A young man sits up in his bed, his shoulders slumped and head down. He covers his eyes from the sunlight as his father moves the curtain. He takes his father’s hand. His father rubs his shoulder.
Conrad Sewell sings inside a church.
At breakfast, the young stares at his food, his hand on his temple. His mother kisses his temple and touches his shoulder. As she walks down the hallway, she checks on her son one more time. He pushes his plate away. His father, sitting next to him, pushes the plate back to him and gestures for him to eat. He takes a bite of his eggs.
He sits on his porch steps, thinking. He looks up and sees his father, waiting. He picks up his skateboard and walks with his father. He and his father talk about the fly ball and how it turned around game.
On the corner, a group of young men stand around. One of them shoves the young man. His father tells him it’s not worth it.
Sewell sings in the young man’s neighborhood and sits on his porch steps.
At the boxing gym, the young man hits the punching bag. His father holds it for him, telling him he’s doing a great job and offering pointers. His father hugs him, saying he’s proud of him.
In the bathroom, he ties his black tie. His mother checks on him again. In the car, he looks out the window, not wanting to talk.
The hearse drives up the church. The pallbearers carry the coffin. His father calls out to him and they hug. As he leaves with his mother, he pats his heart. His father says goodbye.
During the service, the priest says the young man’s father took care of his family. He was a hard worker who sacrificed and did what he had to do. In the pew, his mother rests her head on her shoulder and puts her hand over his. He leans into his mother, closing his eyes.
The young man walks alone to the park.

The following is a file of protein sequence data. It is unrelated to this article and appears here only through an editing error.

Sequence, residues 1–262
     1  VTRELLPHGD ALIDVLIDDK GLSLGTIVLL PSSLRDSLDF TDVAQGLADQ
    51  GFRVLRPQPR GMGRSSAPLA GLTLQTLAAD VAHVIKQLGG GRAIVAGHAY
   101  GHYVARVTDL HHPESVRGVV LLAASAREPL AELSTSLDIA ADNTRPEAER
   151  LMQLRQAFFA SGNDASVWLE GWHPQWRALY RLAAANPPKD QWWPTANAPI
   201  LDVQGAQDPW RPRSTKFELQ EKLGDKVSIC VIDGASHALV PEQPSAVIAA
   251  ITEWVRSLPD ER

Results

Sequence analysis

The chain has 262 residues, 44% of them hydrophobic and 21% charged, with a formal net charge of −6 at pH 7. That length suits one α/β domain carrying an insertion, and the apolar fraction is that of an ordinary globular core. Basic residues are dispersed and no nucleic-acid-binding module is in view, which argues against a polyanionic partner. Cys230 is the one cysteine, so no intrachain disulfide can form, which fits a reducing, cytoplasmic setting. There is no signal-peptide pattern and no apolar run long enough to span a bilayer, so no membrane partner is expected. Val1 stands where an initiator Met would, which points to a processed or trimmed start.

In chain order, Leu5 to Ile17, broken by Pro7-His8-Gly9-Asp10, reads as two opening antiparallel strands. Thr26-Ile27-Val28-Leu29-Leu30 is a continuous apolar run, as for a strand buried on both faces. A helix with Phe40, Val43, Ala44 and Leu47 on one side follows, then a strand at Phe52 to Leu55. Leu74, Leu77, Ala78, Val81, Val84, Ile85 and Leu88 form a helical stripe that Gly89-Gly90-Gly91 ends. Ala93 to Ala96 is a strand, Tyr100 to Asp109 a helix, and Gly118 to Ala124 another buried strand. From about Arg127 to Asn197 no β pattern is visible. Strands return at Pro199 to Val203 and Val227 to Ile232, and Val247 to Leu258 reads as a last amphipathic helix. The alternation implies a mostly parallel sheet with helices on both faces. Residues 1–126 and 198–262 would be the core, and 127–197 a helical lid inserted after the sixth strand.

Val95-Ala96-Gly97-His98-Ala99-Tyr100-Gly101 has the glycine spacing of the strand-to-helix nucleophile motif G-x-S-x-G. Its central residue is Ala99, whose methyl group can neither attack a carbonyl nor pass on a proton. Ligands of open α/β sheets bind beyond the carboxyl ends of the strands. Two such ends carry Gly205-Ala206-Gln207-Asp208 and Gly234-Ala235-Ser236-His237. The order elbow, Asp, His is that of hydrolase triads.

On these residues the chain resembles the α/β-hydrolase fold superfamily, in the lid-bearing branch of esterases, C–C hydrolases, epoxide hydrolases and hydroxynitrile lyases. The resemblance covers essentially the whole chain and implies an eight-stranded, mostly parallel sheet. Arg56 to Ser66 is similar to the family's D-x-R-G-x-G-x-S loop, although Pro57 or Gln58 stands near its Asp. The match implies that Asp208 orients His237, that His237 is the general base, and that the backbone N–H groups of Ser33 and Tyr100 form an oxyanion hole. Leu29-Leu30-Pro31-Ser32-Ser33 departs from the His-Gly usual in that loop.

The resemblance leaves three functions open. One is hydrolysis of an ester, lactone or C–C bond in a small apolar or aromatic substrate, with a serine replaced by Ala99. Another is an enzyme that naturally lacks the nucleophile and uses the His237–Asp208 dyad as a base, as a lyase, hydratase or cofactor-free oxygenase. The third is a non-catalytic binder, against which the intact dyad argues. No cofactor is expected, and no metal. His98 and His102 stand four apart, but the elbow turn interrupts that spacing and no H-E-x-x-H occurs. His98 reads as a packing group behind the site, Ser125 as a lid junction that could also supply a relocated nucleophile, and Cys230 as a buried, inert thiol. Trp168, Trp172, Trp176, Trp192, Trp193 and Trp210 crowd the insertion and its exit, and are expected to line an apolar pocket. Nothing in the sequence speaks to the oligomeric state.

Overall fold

Sewell walks out of the church.
The young man and his father went to ball games together. His father introduced him to boxing, telling him it saved him when he was his age. After school, they would head to the boxing gym and practice for an hour. Then, he and his father would have dinner with his mother. His father would talk about his day at work. He would explain what his dad taught him. His father was his best friend. But he’s gone.
It was sudden. A month earlier, he had to go the hospital (after much prodding from both him and his mom). There, they admitted him and after several tests, the doctor told them he had terminal cancer. He passed away, his wife and son, at his side, three weeks later.
The young man can’t believe his dad is gone. He still sees him, encouraging him to keep going. When he doesn’t eat, he can hear his dad say “eat or unless you’re going to sick later.” Without his father, his life has become silent.
At the funeral, though, his father wants to say goodbye. The young man pats his heart, telling his father that he will always love him and he won’t ever be only a memory. For the young man, he will honor his father by being the man he was meant to be.
Director: N/A Year: 2016